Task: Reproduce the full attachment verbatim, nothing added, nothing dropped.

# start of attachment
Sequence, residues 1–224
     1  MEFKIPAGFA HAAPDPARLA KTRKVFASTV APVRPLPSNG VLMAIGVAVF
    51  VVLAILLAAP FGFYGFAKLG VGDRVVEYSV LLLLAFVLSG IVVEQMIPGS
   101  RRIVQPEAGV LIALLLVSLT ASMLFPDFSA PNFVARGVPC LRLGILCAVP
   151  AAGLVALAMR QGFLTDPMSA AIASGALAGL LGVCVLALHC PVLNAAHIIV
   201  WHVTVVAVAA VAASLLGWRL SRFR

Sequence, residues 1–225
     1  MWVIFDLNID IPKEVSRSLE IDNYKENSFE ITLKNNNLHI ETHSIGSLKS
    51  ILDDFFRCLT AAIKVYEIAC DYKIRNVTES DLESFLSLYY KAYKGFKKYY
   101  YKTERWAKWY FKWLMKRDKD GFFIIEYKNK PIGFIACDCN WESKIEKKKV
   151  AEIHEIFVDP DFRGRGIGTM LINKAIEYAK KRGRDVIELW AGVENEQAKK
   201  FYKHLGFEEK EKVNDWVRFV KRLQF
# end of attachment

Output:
Sequence, residues 1–224
     1  MEFKIPAGFA HAAPDPARLA KTRKVFASTV APVRPLPSNG VLMAIGVAVF
    51  VVLAILLAAP FGFYGFAKLG VGDRVVEYSV LLLLAFVLSG IVVEQMIPGS
   101  RRIVQPEAGV LIALLLVSLT ASMLFPDFSA PNFVARGVPC LRLGILCAVP
   151  AAGLVALAMR QGFLTDPMSA AIASGALAGL LGVCVLALHC PVLNAAHIIV
   201  WHVTVVAVAA VAASLLGWRL SRFR

Sequence, residues 1–225
     1  MWVIFDLNID IPKEVSRSLE IDNYKENSFE ITLKNNNLHI ETHSIGSLKS
    51  ILDDFFRCLT AAIKVYEIAC DYKIRNVTES DLESFLSLYY KAYKGFKKYY
   101  YKTERWAKWY FKWLMKRDKD GFFIIEYKNK PIGFIACDCN WESKIEKKKV
   151  AEIHEIFVDP DFRGRGIGTM LINKAIEYAK KRGRDVIELW AGVENEQAKK
   201  FYKHLGFEEK EKVNDWVRFV KRLQF